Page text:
Ian Fleming – Goldfinger – First UK Edition 1959 – SIGNED and INSCRIBED to Sir Henry Cotton

Goldfinger signed

Ian Fleming – Goldfinger – First UK Edition 1959 – SIGNED and INSCRIBED to Sir Henry Cotton

£50,000.00

In stock

£50,000.00

A first edition, first printing published by Cape in 1959. 8vo – original black cloth with skull motif, dust wrapper not price-clipped, author’s inscription and signature to Henry Cotton, ‘Peterffi’ armorial bookplate. A British Book Centre ticket neatly attached to the front flap of the dust wrapper. The dust wrapper is in near fine (or better) condition with only some extremely minor nicks to edges at creases and spine ends and a very light mark above the ‘E’ of Fleming.

An inscribed and signed copy of “Goldfinger” in superb condition. Ian Fleming has personally inscribed this first edition copy of “Goldfinger” to the British golfer, Sir Henry Cotton. Winning the Open in 1934, 1937 and 1938, Cotton is recognised as the leading British player of the time. Inscribed on the front free-endpaper: “To Henry Cotton, Who may be amused by pp.92-113, Ian Fleming”. The pages in question detail James Bond’s victory in a $10,000 grudge match with Goldfinger – Bond entering the match with a handicap of 9, the same as the author’s. The match in “Goldfinger” takes place at the fictional Royal St. Marks Golf Course, a location based on the Royal St. George’s at Sandwich, Kent, the club to which Fleming and Cotton were members. The game itself was based on a 1957 tournament at the Berkshire Golf Club, which partnered Ian Fleming with Open winner, Peter Thomson. Ian Fleming and Sir Henry Cotton had a good friendship – evidenced by the fact that Fleming has used his full name in the inscription, a trait usually seen when Fleming had a particularly close relationship with the recipient. “Goldfinger” dedicates a whole twenty-nine pages to this relationship and the game of golf, indicating how important both were to the author. Fleming was thrilled to appear as a subject in Henry Cotton’s “Golf Notes, published in “Farm and Country” in 1959. Cotton used photographs of golfers to illustrate particular golf swings and the problems caused by incorrectly positioned hands and feet. Ian Fleming can be seen here as ‘golfer 3’: “Celebrated author Ian Fleming is caught at a later point in his swing, and whilst his arms could be coming to a position of rest, both his feet are firmly anchored on his heels. In all three cases the body is nowhere near completely facing the hole; it is locked by the hips and ‘dead feet’.” In “Goldfinger”, Fleming has included a direct reference to Cotton’s observation regarding “that flat swing of yours” (p.102).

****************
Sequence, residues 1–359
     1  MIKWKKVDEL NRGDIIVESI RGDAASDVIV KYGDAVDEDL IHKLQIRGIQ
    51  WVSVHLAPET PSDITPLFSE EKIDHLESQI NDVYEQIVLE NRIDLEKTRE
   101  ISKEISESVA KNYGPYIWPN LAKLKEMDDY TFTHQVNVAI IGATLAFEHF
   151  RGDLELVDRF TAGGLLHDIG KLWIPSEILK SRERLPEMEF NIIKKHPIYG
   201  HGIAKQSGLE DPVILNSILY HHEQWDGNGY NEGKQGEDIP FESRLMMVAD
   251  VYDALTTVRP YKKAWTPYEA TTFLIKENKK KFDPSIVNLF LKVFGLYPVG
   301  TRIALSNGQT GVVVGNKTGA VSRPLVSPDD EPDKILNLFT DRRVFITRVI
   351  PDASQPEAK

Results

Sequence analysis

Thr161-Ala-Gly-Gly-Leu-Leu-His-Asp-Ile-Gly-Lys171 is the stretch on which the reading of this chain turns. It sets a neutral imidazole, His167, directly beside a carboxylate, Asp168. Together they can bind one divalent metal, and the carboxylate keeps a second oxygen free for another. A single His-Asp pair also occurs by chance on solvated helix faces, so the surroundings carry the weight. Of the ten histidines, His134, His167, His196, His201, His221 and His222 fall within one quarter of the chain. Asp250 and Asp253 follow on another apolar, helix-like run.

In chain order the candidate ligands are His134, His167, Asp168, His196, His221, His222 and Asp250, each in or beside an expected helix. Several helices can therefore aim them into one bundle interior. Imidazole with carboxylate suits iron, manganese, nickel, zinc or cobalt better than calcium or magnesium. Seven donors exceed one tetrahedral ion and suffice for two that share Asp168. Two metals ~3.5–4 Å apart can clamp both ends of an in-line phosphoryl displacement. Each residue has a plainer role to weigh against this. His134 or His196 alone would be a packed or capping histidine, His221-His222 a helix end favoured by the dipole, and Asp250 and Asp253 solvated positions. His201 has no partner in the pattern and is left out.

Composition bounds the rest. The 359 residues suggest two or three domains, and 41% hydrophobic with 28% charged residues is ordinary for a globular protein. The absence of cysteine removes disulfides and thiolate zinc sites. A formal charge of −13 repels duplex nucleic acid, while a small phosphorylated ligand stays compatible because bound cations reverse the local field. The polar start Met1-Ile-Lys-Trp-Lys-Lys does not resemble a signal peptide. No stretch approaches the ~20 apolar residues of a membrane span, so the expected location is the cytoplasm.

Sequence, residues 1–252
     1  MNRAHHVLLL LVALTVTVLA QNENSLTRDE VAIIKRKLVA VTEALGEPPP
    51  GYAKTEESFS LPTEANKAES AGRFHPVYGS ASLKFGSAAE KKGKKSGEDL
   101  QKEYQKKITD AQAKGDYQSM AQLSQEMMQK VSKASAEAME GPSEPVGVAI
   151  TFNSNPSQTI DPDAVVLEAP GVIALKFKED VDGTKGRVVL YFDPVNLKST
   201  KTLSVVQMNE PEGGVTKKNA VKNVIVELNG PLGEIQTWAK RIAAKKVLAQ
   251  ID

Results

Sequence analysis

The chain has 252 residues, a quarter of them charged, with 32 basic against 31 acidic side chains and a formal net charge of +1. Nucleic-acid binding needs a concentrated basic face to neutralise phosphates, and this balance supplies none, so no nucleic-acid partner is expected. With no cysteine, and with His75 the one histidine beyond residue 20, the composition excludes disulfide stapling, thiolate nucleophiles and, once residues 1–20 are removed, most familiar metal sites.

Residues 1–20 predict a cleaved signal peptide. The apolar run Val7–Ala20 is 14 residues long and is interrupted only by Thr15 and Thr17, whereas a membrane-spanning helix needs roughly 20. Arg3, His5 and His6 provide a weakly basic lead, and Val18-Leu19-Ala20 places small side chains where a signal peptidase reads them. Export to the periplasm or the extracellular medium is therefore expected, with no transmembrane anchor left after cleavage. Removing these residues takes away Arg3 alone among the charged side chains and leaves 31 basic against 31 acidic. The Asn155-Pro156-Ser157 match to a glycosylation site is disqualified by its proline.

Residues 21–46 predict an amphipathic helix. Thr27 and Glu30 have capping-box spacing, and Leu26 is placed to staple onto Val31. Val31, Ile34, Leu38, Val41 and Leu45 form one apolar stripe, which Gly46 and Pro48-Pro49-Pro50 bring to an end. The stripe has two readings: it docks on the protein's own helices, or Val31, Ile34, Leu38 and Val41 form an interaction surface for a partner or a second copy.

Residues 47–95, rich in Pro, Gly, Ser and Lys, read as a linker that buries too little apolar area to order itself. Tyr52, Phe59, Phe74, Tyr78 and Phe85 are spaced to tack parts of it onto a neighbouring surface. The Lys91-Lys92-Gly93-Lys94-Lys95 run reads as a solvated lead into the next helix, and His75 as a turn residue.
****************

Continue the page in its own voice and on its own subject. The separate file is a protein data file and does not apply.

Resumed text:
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Description

A first edition, first printing published by Cape in 1959. 8vo – original black cloth with skull motif, dust wrapper not price-clipped, author’s inscription and signature to Henry Cotton, ‘Peterffi’ armorial bookplate. A British Book Centre ticket neatly attached to the front flap of the dust wrapper. The dust wrapper is in near fine (or better) condition with only some extremely minor nicks to edges at creases and spine ends and a very light mark above the ‘E’ of Fleming.

An inscribed and signed copy of “Goldfinger” in superb condition. Ian Fleming has personally inscribed this first edition copy of “Goldfinger” to the British golfer, Sir Henry Cotton. Winning the Open in 1934, 1937 and 1938, Cotton is recognised as the leading British player of the time. Inscribed on the front free-endpaper: “To Henry Cotton, Who may be amused by pp.92-113, Ian Fleming”. The pages in question detail James Bond’s victory in a $10,000 grudge match with Goldfinger – Bond entering the match with a handicap of 9, the same as the author’s. The match in “Goldfinger” takes place at the fictional Royal St. Marks Golf Course, a location based on the Royal St. George’s at Sandwich, Kent, the club to which Fleming and Cotton were members. The game itself was based on a 1957 tournament at the Berkshire Golf Club, which partnered Ian Fleming with Open winner, Peter Thomson. Ian Fleming and Sir Henry Cotton had a good friendship – evidenced by the fact that Fleming has used his full name in the inscription, a trait usually seen when Fleming had a particularly close relationship with the recipient. “Goldfinger” dedicates a whole twenty-nine pages to this relationship and the game of golf, indicating how important both were to the author. Fleming was thrilled to appear as a subject in Henry Cotton’s “Golf Notes, published in “Farm and Country” in 1959. Cotton used photographs of golfers to illustrate particular golf swings and the problems caused by incorrectly positioned hands and feet. Ian Fleming can be seen here as ‘golfer 3’: “Celebrated author Ian Fleming is caught at a later point in his swing, and whilst his arms could be coming to a position of rest, both his feet are firmly anchored on his heels. In all three cases the body is nowhere near completely facing the hole; it is locked by the hips and ‘dead feet’.” In “Goldfinger”, Fleming has included a direct reference to Cotton’s observation regarding “that flat swing of yours” (p.102).